Lars: The products are definitely different. That leads the manufactures out of their usual routine, and into something new which is hard for them. I’ve been biting on granite like we say here. Some just don’t want to try things they don’t know about. But on the other side I’ve met many people who really enjoy this young work and are open to changes and experiments. For example Mr. Riedel, the watchmaker who’s helping me on all the watch and jewelry work I do. He’s been one of the first people who’ve put their trust in the work I do and that is really something special here. The industry trusting young artists/designers like it does in the US isn’t the same here. I said it before, you have to be 50 and have grey hair and a suit to be trusted and employed by the big companies here. That’s a really sad thing because it makes it hard for young designers to build their own company.

AC: What’s your favorite project in the Kinkyform catalog?

Lars: That’s a really hard question. I’ve put so much work and energy in every single product and I love them all haha. But if I had to pick I’d take the Opus Duae watch. The watch because it combines the trust of a great man’s work like Mr. Riedel’s with my international collaborative work. In addition to that it contains what I said Kinkyform stands for: Quality and Individuality. Oh and right now I’m personally stoked about my first single handed jewelry release, the Chaos/Order Gear.

AC: I love the motto of quality before quantity. Does your vision of the market involve quality goods becoming more popular with normal people, or do you think it will be limited to the young and fashionable crowd?

Lars: Quality should be something the general crowd should look out for. You have to pay another price for a cheap product and that price is higher than the price you pay for quality. People just need to think about why the products they buy are so cheap. Ask yourself why is that watch so cheap? Because some company in China put that crap together and they made 1 million pieces of that watch. The prices of cheap products come from weak quality standards and 3rd world workers. Why is that H&M shirt so cheap? Because the fabric is crap and some 10-year old kid in Guatemala sewed it. If you buy a high quality product you have to pay for great materials, craftsmanship and durability. Like an old quote from the Gucci family says: “Quality is remembered long after the price is forgotten.”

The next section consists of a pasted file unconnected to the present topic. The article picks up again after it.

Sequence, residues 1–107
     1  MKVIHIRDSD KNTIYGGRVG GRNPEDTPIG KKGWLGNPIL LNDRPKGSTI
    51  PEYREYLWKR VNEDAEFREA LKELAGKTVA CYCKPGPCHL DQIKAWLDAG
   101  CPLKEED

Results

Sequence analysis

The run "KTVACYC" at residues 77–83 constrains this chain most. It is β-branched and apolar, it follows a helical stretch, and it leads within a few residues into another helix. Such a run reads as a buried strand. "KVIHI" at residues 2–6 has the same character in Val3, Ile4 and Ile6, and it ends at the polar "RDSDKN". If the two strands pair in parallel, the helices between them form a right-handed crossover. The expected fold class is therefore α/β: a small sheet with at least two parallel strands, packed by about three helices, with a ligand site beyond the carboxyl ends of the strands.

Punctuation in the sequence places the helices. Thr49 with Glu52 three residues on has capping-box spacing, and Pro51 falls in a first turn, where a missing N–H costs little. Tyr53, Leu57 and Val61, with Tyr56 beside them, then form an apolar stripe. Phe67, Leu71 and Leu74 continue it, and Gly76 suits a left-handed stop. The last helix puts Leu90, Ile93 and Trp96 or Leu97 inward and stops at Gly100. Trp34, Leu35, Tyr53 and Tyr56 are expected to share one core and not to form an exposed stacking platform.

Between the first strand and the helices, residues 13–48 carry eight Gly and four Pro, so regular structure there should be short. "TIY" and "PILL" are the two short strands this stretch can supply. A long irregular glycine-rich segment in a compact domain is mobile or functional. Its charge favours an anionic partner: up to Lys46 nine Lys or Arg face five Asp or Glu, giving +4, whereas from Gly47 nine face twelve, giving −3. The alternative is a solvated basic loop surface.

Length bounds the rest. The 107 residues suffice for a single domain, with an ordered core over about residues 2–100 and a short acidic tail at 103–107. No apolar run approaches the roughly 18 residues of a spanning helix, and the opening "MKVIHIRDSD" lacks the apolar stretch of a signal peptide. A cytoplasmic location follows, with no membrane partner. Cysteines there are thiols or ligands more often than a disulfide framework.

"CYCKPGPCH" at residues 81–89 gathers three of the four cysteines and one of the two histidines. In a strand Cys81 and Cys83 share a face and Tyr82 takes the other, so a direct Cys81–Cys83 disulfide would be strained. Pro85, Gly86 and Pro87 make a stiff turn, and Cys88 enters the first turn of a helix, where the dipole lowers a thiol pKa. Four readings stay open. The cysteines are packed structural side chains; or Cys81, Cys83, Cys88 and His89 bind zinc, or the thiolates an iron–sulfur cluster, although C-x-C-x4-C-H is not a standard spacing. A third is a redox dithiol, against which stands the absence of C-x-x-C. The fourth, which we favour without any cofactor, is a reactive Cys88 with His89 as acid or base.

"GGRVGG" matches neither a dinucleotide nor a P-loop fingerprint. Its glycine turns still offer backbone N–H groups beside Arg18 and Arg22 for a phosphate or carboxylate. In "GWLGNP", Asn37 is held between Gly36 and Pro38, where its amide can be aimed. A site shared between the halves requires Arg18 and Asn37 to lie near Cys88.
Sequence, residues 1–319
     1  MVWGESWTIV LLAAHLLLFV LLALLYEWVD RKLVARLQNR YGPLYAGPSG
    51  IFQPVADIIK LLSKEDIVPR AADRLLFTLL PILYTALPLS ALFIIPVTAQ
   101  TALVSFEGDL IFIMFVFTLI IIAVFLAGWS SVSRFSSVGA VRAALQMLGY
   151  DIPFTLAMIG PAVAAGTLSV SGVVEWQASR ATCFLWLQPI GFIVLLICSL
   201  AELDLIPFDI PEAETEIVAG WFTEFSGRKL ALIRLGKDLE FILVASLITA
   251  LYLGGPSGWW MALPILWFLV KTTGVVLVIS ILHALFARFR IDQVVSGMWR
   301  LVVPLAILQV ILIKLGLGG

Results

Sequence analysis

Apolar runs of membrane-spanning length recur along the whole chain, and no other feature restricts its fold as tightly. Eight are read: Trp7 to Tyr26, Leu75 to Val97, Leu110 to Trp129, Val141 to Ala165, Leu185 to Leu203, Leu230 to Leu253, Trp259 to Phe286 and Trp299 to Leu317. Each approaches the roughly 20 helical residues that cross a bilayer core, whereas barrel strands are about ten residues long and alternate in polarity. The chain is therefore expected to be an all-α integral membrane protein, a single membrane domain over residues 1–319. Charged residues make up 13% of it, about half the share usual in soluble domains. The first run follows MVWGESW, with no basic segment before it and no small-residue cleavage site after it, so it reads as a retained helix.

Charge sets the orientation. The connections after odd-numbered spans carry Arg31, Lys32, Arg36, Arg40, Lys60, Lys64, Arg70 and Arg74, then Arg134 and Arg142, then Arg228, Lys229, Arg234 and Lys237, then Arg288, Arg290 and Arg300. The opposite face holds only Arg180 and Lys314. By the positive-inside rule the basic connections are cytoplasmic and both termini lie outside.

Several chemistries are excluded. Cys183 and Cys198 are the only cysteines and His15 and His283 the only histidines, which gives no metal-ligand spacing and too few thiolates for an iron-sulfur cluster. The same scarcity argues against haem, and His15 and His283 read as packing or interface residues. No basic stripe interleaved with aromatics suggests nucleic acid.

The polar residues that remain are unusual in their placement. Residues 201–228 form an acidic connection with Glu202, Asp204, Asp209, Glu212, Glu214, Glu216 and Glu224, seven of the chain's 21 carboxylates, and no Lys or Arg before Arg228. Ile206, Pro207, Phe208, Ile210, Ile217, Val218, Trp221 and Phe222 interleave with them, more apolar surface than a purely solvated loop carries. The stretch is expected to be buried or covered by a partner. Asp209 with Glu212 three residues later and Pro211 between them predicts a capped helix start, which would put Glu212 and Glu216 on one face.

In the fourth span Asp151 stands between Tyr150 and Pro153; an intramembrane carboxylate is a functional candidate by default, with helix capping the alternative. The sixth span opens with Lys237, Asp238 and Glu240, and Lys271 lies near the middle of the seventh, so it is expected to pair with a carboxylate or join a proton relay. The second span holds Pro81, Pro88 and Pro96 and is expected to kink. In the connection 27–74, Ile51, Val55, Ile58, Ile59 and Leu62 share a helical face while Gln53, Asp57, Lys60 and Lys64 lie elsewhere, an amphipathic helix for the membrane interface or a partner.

AC: I heard Kanye ordered a BWC Watch. Is that true?

Lars: Haha well… Lupe Fiasco is a close friend of Le Messie (FALSE) with whom I’m working on The Black Watch Company. So the connection between Lupe Fiasco and Kanye could lead to the purchase of a BWC watch, yes.

AC: If you had absolute control over the growth of Kinkyform, where would you place it in 5 years?

Lars: In 5 years, I hope Kinkyform and my other brands will earn me enough money to make a nice living haha. I don’t want it to be a huge office with 42 employees and many parallel projects. I will always keep it small, with a nice range of available products. I also plan to do more consulting work because I see artists / designers / illustrators willing to get their work combined with new manufacturing techniques or products but they just don’t know anything about it or how to do it. I have the resources to help those guys and I’m willing to share it with them. I’ll do that with The Substain, which is my head-brand and portal for such missions.

AC: Do you hope to stay accessible to normal people?

Lars: I will. High quality and limited products are expensive to manufacture, which increases the price, but I’m always doing my best to keep the prices in a reasonable range. I’m definitely trying to make good products more accessible to a wider range of people, but they will still stay limited so everybody needs to hurry and get their share!

AC: Is there anyone you think is overrated?

Lars: I’ve heard D. Savage is overrated but to tell the truth…he’s an amazing visual artist.

AC: Thanks Lars. You’re a great sport.

Lars Amhoff is the founder and brain behind Kinkyform and The Substain. You can see and purchase his work at http://thesubstain.com/ and http://www.kinkyform.com/